Technopole 24 July
The rains arrive slowly and the level of water in the main lake at Technopole continues to fall, enabling easier access to view and photograph the waders, terns and gulls. Black-tailed godwits (now past 100), black tern, ruff and wood sandpiper (40-50 or so each) and common sandpiper (c10) continue to increase. The black-tailed godwits above appear to be two in winter plumage and one (centre) with a few of the more brightly coloured breeding plumage feathers on the back. I am told by an expert on the species that returning adults already moulted and birds born in 2012 that might have spent the intervening months here are probably not distinguishable on plumage, so unfortunately we cannot say what proportion of the birds here are early returning breeders.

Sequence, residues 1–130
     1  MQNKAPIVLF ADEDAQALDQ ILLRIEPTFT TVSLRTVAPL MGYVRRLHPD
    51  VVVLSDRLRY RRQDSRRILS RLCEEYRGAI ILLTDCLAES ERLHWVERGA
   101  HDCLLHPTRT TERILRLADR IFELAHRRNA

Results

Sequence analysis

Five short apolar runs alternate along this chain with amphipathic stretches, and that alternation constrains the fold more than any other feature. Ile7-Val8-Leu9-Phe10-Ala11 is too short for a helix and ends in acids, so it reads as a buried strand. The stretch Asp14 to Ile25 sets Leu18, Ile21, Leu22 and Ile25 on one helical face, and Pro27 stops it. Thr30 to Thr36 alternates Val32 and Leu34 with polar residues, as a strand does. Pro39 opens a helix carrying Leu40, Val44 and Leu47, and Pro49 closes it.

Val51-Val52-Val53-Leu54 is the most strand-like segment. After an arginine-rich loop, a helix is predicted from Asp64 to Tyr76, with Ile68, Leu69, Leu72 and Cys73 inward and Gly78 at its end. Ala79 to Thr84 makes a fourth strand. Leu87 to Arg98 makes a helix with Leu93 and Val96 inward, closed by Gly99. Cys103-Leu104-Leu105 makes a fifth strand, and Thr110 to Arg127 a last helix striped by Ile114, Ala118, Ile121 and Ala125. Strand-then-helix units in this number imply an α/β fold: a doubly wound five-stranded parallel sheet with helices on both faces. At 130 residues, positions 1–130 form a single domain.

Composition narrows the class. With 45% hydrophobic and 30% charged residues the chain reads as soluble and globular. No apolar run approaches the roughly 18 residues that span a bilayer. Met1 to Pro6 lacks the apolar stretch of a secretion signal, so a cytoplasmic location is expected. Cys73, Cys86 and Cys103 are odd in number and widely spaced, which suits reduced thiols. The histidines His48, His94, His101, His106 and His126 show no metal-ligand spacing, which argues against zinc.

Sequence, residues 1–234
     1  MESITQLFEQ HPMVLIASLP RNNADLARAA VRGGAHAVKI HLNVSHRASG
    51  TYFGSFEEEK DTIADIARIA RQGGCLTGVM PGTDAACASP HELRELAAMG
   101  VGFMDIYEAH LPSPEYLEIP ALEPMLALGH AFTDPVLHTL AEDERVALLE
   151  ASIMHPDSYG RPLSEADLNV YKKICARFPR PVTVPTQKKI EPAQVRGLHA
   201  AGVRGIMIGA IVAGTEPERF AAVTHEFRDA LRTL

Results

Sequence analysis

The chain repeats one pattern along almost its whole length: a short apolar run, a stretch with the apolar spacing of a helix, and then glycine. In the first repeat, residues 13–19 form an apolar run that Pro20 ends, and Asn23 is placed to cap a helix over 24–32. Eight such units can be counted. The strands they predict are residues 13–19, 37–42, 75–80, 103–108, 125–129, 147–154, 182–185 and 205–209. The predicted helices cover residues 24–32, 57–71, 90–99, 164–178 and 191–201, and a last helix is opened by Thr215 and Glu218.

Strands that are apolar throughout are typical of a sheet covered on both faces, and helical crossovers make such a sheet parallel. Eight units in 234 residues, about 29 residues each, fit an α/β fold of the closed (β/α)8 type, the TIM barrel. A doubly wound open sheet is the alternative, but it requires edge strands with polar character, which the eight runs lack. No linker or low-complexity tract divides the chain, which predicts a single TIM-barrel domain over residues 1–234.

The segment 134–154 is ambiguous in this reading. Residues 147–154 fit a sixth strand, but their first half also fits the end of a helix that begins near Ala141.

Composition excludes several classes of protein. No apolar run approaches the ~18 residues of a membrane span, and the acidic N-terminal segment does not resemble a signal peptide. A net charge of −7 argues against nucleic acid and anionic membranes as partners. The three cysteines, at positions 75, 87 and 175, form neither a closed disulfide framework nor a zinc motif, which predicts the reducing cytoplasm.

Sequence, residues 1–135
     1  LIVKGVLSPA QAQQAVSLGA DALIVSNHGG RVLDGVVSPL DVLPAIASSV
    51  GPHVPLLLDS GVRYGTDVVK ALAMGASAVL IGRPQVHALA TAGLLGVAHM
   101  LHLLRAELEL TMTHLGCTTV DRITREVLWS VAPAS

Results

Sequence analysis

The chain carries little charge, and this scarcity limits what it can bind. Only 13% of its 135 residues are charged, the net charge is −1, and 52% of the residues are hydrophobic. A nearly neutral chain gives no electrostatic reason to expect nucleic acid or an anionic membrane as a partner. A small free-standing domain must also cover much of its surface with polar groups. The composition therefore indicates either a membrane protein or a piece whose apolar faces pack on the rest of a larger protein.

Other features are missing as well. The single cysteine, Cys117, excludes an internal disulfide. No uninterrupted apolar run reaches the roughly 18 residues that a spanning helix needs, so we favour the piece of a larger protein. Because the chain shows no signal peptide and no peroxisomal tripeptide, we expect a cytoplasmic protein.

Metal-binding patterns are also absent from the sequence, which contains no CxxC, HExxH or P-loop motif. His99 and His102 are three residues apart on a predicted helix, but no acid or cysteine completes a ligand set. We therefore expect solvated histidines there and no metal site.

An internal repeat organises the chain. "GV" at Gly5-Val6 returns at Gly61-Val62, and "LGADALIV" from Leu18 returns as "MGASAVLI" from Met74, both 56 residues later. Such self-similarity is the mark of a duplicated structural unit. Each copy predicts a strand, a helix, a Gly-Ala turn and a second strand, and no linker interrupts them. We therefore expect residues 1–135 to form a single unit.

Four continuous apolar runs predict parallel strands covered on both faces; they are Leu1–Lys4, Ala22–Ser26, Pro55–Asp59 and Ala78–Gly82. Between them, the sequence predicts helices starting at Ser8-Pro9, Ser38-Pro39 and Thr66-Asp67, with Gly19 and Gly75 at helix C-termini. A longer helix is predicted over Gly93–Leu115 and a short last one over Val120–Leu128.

Meanwhile the four Franklin’s gulls obligingly lined up today for a photo. As a bizarre point of fact, this becomes, we believe, the largest group ever recorded on the eastern side of the Atlantic. A note will be published soon.
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The defunct, twin volcanoes of Mamelles, in Dakar’s Ouakam arrondissement, with Cape Verde Shearwaters and Bottle-nosed Dolphins. The rocky coast of Dakar, forming the Cap Vert Important Bird Area, is an outstanding site for seabirds (photo: P. Robinson). Technopole and its numerous waders, herons, gulls, terns and other waterbirds (including Greater Flamingos when conditions are right) is one of the best sites for birds in the greater Dakar region (photos: B. Piot)
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